A dragon flying through the sky
The Book of Changes
By Dr. Henrik Jäger
The Yijing is one of the world’s great books of wisdom. It is simultaneously simple and clearl structured, and hard to understand. The sinologist Henrik Jaeger, who links the Chinese classics and Taijiquan in his training and teaching, explains the structure of the Book of Changes as a guide for a deeper understanding of life and one’s own situation. From insight grows responsibility for one’s own actions. After this general introduction, Henrik Jaeger will examine the significance of the Yijing for Taijiquan in the next issue.
Taijiquan as a self-defence system
By Ulf Angerer
Although it is common knowledge that Taijiquan arose as a fighting system, nowadays there are only few people who practice it correspondingly. Ulf Angerer presents the training system he practices, in which the use of the art in actual self-defence situations is learned in two phases each lasting several years. A detailed analysis of the individual movements of the Taiji form and a way of training oriented towards the possible applications are intended to train body and mind in such a way that they can respond intuitively and optimally in an emergency.
Absorption and transformation
The transformational phase Earth
By Joachim Stuhlmacher
Earth forms the centre of the five transformational phases, due to both its position in the centre and its identification with late summer, which can be seen as the middle of the year.
In classical Chinese medicine not only the stomach and pancreas are assigned to this element, but also the heart. At the Earth level its impulses can be transformed into action, into practical everyday life. The main tasks of the centre are absorption, transformation and distribution – not only of nutrition but of everything that we need to »digest«. Joachim Stuhlmacher demonstrates that the stabilising function of the Earth element also plays an important role for the immune system.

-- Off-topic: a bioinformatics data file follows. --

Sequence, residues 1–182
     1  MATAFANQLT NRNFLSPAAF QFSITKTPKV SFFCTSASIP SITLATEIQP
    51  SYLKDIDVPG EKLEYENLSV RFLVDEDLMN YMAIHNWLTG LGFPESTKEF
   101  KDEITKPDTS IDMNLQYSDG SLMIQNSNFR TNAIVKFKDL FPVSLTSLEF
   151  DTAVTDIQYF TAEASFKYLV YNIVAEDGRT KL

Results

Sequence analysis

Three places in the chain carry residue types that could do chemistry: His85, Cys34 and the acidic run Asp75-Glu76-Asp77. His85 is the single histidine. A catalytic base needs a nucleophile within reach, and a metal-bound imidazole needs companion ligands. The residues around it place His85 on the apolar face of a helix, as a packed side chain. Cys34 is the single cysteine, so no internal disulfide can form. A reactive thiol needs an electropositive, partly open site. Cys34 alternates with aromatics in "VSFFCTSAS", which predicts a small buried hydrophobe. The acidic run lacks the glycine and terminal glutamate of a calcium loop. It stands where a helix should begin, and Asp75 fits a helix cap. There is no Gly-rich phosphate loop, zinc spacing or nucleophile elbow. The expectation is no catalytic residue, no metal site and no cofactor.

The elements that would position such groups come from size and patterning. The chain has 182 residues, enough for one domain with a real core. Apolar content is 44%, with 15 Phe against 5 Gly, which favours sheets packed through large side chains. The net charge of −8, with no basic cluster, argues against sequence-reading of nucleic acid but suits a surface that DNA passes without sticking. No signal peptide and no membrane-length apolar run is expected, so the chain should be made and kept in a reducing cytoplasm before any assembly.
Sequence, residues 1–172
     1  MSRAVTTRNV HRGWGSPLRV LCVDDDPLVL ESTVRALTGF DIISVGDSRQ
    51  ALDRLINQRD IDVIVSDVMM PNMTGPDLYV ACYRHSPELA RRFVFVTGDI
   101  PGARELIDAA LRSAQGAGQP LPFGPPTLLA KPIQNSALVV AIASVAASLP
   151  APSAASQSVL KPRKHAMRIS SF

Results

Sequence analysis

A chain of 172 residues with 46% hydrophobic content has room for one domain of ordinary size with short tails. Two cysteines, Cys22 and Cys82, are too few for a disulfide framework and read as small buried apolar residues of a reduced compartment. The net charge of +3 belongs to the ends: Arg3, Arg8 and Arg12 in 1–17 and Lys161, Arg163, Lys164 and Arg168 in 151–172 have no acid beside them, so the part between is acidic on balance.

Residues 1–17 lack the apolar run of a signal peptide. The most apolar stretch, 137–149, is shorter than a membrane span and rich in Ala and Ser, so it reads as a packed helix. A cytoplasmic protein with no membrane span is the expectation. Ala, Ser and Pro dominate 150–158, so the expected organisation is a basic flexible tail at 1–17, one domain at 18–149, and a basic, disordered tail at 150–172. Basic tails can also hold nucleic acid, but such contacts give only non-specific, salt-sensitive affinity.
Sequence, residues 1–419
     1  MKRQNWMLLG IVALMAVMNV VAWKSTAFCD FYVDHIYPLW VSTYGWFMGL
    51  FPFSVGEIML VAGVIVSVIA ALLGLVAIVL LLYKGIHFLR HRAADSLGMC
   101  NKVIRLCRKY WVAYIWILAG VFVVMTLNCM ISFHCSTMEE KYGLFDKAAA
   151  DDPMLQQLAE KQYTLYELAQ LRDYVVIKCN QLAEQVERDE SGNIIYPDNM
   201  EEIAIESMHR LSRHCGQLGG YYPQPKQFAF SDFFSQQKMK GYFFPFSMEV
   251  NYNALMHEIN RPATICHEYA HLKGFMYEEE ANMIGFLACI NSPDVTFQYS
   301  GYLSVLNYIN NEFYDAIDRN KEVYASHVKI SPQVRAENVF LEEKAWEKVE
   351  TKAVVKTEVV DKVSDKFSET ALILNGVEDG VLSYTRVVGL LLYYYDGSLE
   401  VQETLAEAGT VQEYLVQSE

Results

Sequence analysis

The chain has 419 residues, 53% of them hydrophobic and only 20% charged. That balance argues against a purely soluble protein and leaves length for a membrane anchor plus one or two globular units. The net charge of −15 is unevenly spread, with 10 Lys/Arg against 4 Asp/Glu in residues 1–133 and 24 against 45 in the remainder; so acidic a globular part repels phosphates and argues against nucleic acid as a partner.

Earth – being at home
By Ursula Rimbach
In order to illumination the transformational phase Earth, Ursula Rimbach explains the various transformational phases in the light of their respective historical relationships. She regards the essential potential of Earth as being embodied in motherly acceptance and nurturing. With a balanced Earth element we can feel at ease in our environment and also achieve calm. We have a stable foundation for further development. However, if our foundation is disturbed or unsettled, then body, soul and mind are also affected negatively. Qigong and Taijiquan can help us to »return to the centre«.
Movement art based on a Chinese legend
By Kong Shenfang and Jan Harloff-Puhr
The Chinese martial arts not only look back on a long tradition, but continue to undergo lively development. One example of this is Mulanquan, created in the 1970s and specifically intended for women. It is based on Huajiaquan and, like this older art, is named after Hua Mulan, the famous female war hero. When developing the new art, Ying Meifeng integrated her knowledge of Qigong, Taijiquan and other martial arts, rhythmic gymnastics and stage choreography and created various forms that have a dance-like quality and place special emphasis on aesthetics. Kong Shenfang and Jan Harloff-Puhr give an account of Mulanquan, the effects of which on body, mind and soul are the result of both energy-related aspects and athletic training.
Daoism and wholeness in modern physics
By Dr. Imke Bock-Möbius
Ever since Fritjof Capra’s »Tao of Physics«, or even earlier, people have been making connections between modern physics and Eastern philosophy. Dr. Imke Bock-Möbius does this explicitly from the perspective of Qigong, which she regards as a practical form of Daoism in the here and now. In Qigong, practitioners can experience a state of naturalness in which the unity of the Dao can be experienced. This can form a path to mystical insight which represents a complementary element to the scientific pursuit of knowledge.
In the second part of the article, due to appear in the next issue, the physicist surveys the implications that quantum physics research conducted in the previous century has for the dominant world view, especially for the phenomenon of »entanglement« which in turn illuminates the unity of nature.
Jia – the family
By Wang Ning
The family is the most important building block of Chinese society, and its interests are assigned much more importance than individual concerns. The character expresses both the idea of cohabitation and the “domestication” necessary for this. Wang Ning explains that the hierarchical order within the family, with its rules and commitments, also functions as a model for order within the political system.